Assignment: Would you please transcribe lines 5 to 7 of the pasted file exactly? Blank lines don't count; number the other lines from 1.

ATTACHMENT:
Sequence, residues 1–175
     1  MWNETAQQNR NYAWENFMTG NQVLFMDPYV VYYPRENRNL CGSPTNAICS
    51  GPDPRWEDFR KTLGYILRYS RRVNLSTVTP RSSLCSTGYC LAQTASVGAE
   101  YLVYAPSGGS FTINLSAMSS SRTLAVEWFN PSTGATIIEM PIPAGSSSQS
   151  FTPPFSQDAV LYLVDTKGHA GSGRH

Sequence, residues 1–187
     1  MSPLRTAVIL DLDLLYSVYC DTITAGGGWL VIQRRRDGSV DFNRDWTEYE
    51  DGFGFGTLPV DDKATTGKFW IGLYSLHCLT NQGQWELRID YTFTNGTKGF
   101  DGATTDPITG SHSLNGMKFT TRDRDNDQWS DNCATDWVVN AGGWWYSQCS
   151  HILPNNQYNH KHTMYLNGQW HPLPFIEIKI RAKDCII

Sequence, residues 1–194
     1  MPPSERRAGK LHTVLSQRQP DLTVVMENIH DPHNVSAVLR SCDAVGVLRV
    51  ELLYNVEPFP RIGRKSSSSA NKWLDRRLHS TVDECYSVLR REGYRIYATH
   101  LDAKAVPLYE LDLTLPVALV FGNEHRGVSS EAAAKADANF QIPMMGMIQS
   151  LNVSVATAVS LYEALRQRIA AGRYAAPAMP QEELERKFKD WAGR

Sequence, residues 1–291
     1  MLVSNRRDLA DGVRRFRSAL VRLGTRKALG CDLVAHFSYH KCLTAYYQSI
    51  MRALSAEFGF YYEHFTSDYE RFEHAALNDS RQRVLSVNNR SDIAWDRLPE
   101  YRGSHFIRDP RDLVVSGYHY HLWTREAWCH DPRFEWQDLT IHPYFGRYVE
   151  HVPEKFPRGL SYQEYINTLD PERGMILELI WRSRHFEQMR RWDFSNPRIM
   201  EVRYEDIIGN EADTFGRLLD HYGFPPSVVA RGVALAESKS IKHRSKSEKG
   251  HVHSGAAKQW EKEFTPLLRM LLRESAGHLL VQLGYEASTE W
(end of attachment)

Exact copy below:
   151  FTPPFSQDAV LYLVDTKGHA GSGRH

Sequence, residues 1–187
     1  MSPLRTAVIL DLDLLYSVYC DTITAGGGWL VIQRRRDGSV DFNRDWTEYE